A guest blog post written by Paul Baines from the Department of English.

Valentine’s Day

For Valentine’s Day this year, we’re highlighting five love-themed items in Special Collections & Archives…

John Wyndham’s poems for Grace Wilson

Science-fiction author John Wyndham is best known for his novels, including The Day of the Triffids (1951) and The Midwich Cuckoos (1957), but he also dabbled in poetry. His archive features several verses, most of which he wrote for Grace Wilson. They married in 1963, though they had been partners for around 30 years by the time they tied the knot.

Wyndham 8/4/1: 1944 Valentine from Wyndham to Grace Wilson

Wyndham 8/4/1: 1944 Valentine from Wyndham to Grace Wilson

Wyndham 8/6/2: 1962 Valentine from Wyndham to Grace Wilson

Wyndham 8/6/2: 1962 Valentine from Wyndham to Grace Wilson

 

Love Letter from George James Boswell to Hannah Chason

Percy Boswell was Professor of Geology at the University of Liverpool, 1917-1930, and his archive collection mostly consists of his academic and professional papers, such as essays, notes and correspondence. However, this letter, from Boswell’s great-grandfather George James Boswell, has also survived. It is addressed to Hannah Chason and is an ardent expression of Boswell’s love. He describes how his sincere friendship has ‘ripened into an affection of a more tender nature,’ and reassures her of his ‘perfectly honourable’ intentions, before proposing marriage. And marry they did, in 1855.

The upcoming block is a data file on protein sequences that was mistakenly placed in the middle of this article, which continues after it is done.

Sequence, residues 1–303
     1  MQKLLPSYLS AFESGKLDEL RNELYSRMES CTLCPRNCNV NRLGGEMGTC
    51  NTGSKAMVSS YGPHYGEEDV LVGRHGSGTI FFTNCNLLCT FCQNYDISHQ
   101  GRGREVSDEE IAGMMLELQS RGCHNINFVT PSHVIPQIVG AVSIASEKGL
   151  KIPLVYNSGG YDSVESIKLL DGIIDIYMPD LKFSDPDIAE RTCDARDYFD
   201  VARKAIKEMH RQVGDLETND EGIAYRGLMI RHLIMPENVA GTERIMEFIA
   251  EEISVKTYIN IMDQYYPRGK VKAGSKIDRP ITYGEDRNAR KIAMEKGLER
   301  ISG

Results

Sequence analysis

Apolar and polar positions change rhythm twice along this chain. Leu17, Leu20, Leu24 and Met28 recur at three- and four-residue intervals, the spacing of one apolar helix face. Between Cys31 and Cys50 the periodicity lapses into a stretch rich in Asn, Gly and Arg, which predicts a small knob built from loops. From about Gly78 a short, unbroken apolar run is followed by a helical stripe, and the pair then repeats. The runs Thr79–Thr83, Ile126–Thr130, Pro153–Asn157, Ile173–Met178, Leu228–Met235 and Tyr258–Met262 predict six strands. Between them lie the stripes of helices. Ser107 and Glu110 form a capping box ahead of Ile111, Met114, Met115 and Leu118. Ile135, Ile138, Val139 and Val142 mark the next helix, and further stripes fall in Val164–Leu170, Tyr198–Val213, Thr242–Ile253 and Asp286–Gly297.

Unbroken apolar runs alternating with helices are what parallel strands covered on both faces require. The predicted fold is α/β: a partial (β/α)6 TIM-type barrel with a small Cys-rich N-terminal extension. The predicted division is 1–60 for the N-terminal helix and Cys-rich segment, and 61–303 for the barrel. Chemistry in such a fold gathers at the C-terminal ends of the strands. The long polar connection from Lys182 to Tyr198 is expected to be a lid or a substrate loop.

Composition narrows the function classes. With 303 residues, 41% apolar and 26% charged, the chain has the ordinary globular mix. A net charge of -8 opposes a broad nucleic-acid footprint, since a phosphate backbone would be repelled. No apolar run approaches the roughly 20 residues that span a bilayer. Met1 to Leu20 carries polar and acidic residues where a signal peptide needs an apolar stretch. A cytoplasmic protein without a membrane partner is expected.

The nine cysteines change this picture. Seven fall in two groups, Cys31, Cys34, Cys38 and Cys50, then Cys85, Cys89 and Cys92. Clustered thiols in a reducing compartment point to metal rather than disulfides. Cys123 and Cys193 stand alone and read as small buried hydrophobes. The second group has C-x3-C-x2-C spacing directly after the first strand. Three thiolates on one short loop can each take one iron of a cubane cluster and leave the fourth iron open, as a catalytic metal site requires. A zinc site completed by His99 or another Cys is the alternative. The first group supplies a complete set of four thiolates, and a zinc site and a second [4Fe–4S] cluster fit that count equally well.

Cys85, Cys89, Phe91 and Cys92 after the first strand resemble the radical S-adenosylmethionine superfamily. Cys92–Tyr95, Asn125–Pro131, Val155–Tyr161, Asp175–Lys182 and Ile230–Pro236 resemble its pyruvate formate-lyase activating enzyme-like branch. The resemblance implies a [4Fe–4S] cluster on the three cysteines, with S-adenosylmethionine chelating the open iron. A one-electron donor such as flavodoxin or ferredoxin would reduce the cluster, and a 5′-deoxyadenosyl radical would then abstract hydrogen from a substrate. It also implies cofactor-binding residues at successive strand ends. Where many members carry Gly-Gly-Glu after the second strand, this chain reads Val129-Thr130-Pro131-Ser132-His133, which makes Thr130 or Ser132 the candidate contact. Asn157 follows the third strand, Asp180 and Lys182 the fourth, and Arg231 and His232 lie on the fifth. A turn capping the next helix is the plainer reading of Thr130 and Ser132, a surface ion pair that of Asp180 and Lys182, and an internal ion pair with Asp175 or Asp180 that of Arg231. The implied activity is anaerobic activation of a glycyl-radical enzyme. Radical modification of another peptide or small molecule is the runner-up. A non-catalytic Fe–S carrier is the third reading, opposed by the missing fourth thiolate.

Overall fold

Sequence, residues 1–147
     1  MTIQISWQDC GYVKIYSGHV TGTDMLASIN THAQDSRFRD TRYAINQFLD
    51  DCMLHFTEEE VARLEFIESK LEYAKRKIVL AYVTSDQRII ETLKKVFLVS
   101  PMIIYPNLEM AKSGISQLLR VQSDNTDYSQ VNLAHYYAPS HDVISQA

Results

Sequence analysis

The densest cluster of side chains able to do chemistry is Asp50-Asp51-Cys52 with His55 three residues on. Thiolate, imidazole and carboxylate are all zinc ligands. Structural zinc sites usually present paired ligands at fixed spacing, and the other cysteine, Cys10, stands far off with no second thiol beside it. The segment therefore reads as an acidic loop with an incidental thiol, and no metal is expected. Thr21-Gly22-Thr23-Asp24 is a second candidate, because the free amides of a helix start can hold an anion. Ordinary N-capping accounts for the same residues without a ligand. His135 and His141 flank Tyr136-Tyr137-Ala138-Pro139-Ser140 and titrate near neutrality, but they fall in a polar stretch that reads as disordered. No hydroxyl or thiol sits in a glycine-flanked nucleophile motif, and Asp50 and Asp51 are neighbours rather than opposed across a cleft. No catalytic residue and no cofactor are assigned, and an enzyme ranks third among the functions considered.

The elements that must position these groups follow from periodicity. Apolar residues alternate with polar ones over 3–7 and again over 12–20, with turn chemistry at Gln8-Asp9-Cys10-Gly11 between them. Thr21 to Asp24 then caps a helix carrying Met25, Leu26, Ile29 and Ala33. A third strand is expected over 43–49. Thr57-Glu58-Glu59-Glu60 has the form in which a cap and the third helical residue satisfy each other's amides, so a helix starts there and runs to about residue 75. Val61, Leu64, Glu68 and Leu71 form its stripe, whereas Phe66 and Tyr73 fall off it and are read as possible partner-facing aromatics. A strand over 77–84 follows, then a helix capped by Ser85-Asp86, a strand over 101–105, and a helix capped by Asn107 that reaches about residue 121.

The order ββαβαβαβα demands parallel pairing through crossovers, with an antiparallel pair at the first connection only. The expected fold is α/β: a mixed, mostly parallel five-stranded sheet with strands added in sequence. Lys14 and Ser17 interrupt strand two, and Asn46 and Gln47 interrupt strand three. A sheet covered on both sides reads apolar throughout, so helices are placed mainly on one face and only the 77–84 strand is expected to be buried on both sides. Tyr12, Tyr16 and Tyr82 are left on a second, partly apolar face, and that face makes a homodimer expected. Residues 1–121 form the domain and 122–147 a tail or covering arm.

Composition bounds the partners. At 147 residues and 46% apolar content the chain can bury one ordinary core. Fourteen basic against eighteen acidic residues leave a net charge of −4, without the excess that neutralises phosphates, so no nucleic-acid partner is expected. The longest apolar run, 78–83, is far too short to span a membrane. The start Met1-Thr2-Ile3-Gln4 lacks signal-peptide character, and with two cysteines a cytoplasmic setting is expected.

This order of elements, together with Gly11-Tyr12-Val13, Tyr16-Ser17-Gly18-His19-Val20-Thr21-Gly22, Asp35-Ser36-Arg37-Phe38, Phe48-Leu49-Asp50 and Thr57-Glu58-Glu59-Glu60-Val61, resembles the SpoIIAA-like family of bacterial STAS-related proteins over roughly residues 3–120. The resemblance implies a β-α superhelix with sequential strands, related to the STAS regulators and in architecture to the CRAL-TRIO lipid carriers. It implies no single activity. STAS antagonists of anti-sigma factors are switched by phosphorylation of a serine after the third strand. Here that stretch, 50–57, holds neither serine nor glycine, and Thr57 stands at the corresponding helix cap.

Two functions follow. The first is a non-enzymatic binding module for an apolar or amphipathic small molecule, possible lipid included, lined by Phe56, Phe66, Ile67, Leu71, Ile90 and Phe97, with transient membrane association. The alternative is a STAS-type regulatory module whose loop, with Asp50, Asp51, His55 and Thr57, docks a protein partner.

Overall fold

D4/2/2 Love letter from George James Boswell to Hannah Chason

D4/2/2 Love letter from George James Boswell to Hannah Chason

 

The Quiver of Love: A Collection of Valentines Ancient and Modern

Published in 1876, The Quiver of Love comprises verses from the likes of Christina Rossetti, Elizabeth Barrett Browning and Sir Philip Sidney, along with a host of others, collected together in a volume which could be given as a gift, ‘either as a token of esteem, or as an indication of deeper regard.’ It also includes beautiful colour illustrations by artists Walter Crane and Kate Greenaway.

JUV.569:9 The Quiver of Love